I wander along the river and downtown. I find my bank ATM card doesn't work but I can still get a cash advance on my credit card. While walking through town I hear a familiar engine sound and then see a blue CX 500 standard burble past. Coincidentally I see a Moto Guzzi fly by in the opposite direction about five minutes later - I noticed that the exhaust note does sound similar to a CX.

I must admit that although it's slow as hell, the CX 400 is probably the most comfortable bike I've ever rode. Despite the Harleyish-look the seating position is a cross between that of a sportbike and a standard - weird but I didn't get any sore back or other aches/pains like most motorcycles give me after a few hours of riding.

Mon., Mar. 9, 1998:
(Wanganui -> New Plymouth via west coast: 210 km by motorcycle)

I slept quite well and then packed by 7:30 AM. It takes me a good fifteen minutes to find my way onto Hwy. 3 towards New Plymouth. Soon I am riding through gently rolling country hillsides. Little traffic, sunny, 20 C, very pleasant. I pass by a gigantic statue of a cow near NZ's largest dairy, 'Dairyland'. They make mozzarella cheese for all the world's Pizza Huts here.

As I ride on I can see the Tasman Sea to my far left and the giant volcanic cone of Taranaki (Mt. Egmont) to the right. When I reach Hawea I gas up and ask the gas clerk whether I should take the direct short route to New Plymouth or the longer way on the coast. (The clerk at the Tamara Backpackers had told me that both ways were equal in scenery so I should take the shorter route.) "Oh no, take the coast," the gas clerk tells me. "If I was riding a bike and I wasn't in a hurry that's the way I'd go!" She tells me that the coast is actually fun for a motorcycle and has hardly any traffic.

I follow the coast as she suggested. Really fun riding; a few twisty spots, mostly gentle hills. Lots of farms, fair numbers of palm trees, ferns, and tropical plants now. I am enjoying the ride even if it is at a very leisurely 90-100 kph. There any many birds on the road side, especially one that looks like a dark metallic blue goose.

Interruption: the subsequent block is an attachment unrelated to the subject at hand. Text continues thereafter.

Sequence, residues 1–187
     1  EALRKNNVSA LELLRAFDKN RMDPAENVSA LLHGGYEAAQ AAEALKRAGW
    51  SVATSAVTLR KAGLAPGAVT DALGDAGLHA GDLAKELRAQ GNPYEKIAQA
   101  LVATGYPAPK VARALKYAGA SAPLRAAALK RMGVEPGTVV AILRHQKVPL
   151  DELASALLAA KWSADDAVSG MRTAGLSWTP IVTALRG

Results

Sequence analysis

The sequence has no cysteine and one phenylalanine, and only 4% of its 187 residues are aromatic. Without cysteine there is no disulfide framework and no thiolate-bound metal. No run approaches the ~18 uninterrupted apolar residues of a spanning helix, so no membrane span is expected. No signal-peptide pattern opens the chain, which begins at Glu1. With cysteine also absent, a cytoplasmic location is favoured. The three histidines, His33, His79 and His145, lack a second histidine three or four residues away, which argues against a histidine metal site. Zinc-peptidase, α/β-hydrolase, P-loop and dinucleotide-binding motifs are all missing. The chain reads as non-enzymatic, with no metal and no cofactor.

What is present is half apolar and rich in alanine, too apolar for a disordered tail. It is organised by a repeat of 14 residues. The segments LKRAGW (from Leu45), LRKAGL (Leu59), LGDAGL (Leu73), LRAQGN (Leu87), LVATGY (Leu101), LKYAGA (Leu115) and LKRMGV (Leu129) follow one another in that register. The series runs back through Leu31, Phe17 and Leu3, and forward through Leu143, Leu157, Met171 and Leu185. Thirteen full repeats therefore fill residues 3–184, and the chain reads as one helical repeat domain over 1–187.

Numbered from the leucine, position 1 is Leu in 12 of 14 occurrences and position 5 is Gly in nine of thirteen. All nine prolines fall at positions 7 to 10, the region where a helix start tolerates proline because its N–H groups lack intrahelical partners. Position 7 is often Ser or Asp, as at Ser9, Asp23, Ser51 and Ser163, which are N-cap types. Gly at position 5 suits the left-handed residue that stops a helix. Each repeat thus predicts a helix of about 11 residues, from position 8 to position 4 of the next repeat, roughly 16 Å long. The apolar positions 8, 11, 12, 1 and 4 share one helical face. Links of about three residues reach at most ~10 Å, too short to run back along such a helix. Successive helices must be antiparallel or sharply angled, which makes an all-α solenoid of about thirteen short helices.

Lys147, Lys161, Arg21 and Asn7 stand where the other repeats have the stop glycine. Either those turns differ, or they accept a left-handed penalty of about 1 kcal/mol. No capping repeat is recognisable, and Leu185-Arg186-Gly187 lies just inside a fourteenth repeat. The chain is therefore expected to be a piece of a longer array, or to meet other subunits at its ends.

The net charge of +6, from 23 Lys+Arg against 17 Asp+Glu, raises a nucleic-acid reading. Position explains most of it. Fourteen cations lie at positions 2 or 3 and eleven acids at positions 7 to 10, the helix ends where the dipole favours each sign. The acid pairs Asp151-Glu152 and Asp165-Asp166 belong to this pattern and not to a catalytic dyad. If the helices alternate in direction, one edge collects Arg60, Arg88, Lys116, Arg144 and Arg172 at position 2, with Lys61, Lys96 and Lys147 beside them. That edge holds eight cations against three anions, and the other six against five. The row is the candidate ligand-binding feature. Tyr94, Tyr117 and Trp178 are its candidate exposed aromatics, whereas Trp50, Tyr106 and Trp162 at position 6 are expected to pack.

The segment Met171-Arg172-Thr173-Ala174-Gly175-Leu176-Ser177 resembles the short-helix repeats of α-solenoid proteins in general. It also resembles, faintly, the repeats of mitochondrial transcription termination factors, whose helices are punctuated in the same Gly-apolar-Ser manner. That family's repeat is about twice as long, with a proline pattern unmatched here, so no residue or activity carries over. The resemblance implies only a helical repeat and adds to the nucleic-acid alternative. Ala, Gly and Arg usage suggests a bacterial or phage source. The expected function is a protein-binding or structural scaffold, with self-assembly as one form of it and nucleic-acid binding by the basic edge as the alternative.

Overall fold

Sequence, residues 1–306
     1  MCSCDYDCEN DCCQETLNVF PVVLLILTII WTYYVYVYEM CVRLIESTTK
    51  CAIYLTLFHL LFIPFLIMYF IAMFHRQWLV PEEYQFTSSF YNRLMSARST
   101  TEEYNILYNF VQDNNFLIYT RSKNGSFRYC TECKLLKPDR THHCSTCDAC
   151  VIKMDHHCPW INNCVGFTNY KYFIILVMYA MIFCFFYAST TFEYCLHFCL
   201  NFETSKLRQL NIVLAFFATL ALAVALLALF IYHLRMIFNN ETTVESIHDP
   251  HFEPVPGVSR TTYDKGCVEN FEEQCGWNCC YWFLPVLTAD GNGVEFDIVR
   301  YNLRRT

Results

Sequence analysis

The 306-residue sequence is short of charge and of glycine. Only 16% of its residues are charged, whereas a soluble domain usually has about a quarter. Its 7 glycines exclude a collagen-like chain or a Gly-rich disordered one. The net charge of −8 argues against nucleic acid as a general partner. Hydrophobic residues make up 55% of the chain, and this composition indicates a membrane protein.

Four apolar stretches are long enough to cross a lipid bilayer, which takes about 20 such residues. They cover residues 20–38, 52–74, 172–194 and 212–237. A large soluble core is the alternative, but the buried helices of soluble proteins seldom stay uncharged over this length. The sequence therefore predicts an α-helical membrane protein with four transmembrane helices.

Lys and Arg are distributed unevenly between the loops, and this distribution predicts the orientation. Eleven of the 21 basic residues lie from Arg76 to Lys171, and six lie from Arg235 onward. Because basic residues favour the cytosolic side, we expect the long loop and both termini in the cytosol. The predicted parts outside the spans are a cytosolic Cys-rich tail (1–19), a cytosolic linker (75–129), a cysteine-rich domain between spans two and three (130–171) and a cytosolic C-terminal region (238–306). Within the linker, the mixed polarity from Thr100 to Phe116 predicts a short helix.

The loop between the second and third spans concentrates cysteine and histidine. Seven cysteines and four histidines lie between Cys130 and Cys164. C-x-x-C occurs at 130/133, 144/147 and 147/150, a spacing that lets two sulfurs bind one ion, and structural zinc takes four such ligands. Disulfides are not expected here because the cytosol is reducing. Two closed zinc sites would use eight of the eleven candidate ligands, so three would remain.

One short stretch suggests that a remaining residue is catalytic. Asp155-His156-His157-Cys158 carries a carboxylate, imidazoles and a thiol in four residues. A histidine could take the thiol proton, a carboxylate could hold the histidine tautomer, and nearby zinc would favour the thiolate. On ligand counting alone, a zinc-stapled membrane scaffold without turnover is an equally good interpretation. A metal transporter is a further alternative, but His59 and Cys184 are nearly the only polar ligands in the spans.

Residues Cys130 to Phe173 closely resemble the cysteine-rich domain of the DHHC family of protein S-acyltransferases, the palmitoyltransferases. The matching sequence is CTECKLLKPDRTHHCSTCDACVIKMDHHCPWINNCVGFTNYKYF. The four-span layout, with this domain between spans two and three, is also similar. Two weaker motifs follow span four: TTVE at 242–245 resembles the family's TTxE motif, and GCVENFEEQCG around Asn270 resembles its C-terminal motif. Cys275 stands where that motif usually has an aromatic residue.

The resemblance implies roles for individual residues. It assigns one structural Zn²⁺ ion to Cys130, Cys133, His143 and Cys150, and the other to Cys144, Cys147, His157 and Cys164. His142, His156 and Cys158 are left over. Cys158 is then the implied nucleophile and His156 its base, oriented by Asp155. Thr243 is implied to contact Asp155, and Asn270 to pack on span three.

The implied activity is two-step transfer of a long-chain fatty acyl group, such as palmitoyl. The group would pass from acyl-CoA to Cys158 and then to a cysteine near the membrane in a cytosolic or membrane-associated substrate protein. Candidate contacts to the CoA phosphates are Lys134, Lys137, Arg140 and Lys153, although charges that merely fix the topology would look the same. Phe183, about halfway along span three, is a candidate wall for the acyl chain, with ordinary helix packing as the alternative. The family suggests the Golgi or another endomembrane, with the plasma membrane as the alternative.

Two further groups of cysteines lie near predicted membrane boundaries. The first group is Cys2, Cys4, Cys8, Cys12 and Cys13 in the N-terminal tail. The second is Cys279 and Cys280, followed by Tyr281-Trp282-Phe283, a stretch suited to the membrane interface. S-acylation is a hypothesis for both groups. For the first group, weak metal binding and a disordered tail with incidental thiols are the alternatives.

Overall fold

The coast has a handful of small farm towns and in Manaia I pull over at a dairy ("corner store") to grab a meat pie. Pies are very popular here - many places serve pies and chips, instead of hot dogs or hamburgers.

Eventually the road gets close to New Plymouth and becomes more hilly and curvy. I reach New Plymouth around 10 AM and quickly find a backpackers ("Richmond Corners"). I get a plain room with a private bathroom for only $26 NZ overnight. Pretty cheap, and it's a fairly nice room. Sunny and 25 C.

I throw on a pair of shorts and then go walking on the beach shore. I find a garden walkway that follows a river inland with shady banks of trees and flowered bushes. I get back to beach and wander around some more. Eventually I get back to the backpackers and have a few beers while looking over some maps of Mt. Egmont. This Anglo name seems to be falling out of favour; most locals now refer to it by the Maori name of Taranaki.

While enjoying my beers, I took to a Maori guy named Jim from Gisborne. He was drinking a God-awful combination of Jim Beam and orange juice (ugh). He tells me the legend of Taranaki: many years ago, Taranaki once stood with the central mountains near Lake Taupo. Taranaki was in love with a smaller gentle mountain named Pihanga (how a mountain can have a gender I didn't ask). Taranaki got into a great fight with the jealous Tongariro and was thrown out of the centre area. As Taranaki fled, he gouged a great river bed, forming the Whanganui river.

I have to park the CX 400 (by the way, I took a close look and noticed it had GL 400E stamped on the engine block) on the street in front of the backpackers lodge. I felt that although the area seems reasonably safe I should get some extra protection, so I spend $17 on a cheap combination cable lock. It won't deter a serious thief but then a serious thief wouldn't steal this bike anyhow.

I also think the cable will be useful for locking my jacket to the bike when I visit Taranaki tomorrow. I plan to ride to the Visitor's Centre on the north side; it's about a 45 minute ride.

I tried my ATM card at the ASB Bank and was able to withdraw cash from my account in Canada. For dinner I ate a strange kind of donair called a kebab while sitting down at the beach: 6 to 8 foot waves were crashing on the boulders of the seawall.

While watching the sunrise from the second floor balcony, I saw a petite woman parking a Kawasaki Eliminator 250 drop it at the end of the block. A guy crossing the street at the moment helped her pick it up.

Tue., Mar. 10, 1998:
(New Plymouth -> Taranaki & back: 70 km by motorcycle)